Undocumented Aliens: Finding a Place to Stand After September 11

Presented by T. Mills Fleming at the ICJE Annual Seminar in St. Simons Island, Georgia, in 2002.

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Nuts and Bolts of Immigration Law

Presented by T. Mills Fleming at the East Georgia College Foundation, Georgia Rural Economic Development Center in 2001.

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Immigration Basics: What Every Health Care Provider Needs to Know

Presented by T. Mills Fleming at the Georgia Academy of Healthcare Attorneys 2001 Healthcare Law Update and Annual Meeting in Atlanta, Georgia, on May 4, 2001.

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Undocumented Alien Claims: Finding a Place to Stand

Presented at the ICLE Workers’ Compensation Judges Annual Seminar in Jekyll Island, Georgia, on April 2, 2001, by T. Mills Fleming.

The United States’ immigration policies have changed dramatically over the last 200 years from being a virtual open door to now being a tightly controlled and highly regulated set of rules and regulations. The first law limiting immigration was the Alien Act of 1798 wherein the president was authorized to expel any alien he deemed dangerous. From that time until the later part of the 19th century, Congress passed very little laws restricting immigrant flow to the U.S.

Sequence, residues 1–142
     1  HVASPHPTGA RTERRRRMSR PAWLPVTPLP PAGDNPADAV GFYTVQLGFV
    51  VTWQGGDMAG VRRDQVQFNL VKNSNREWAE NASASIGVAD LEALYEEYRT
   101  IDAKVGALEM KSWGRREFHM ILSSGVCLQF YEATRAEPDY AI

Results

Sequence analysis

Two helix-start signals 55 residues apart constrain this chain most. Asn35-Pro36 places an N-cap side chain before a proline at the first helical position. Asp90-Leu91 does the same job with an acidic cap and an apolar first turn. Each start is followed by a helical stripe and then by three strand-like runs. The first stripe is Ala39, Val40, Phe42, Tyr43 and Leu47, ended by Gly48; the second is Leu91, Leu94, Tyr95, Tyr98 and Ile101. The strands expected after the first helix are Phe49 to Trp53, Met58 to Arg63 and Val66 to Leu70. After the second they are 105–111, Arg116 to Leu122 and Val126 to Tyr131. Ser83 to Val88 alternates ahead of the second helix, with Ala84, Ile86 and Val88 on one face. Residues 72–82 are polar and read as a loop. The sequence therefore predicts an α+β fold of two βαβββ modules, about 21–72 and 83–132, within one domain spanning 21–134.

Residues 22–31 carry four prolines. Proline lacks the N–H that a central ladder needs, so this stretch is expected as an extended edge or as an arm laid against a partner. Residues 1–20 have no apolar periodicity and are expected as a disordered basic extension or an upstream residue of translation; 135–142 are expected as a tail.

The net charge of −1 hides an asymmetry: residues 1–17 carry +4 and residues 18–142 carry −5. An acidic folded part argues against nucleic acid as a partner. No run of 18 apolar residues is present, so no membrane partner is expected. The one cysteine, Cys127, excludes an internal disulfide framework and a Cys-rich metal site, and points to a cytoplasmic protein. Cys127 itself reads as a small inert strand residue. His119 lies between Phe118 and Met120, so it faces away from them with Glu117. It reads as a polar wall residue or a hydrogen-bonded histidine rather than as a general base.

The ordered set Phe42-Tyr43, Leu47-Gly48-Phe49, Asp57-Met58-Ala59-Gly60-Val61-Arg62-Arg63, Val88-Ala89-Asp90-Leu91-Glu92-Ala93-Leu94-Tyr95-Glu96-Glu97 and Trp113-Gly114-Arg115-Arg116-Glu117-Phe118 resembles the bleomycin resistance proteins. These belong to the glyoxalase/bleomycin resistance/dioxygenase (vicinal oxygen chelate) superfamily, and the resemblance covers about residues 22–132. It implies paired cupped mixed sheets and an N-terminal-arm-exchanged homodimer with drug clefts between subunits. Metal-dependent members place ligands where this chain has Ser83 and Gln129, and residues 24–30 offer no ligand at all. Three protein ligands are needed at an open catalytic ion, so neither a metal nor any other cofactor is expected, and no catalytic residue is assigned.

Beginning in 1875 Congress passed several immigration reform measures beginning with a statute providing for the exclusion of convicts and prostitutes. That law was followed by the Chinese Exclusion Act of 1882 which provided for the exclusion of persons from China – and was not repealed until 1943. Congress passed other laws to exclude cheap foreign labor and in 1888 provided for the deportation of aliens entering in violation of these contract labor laws.

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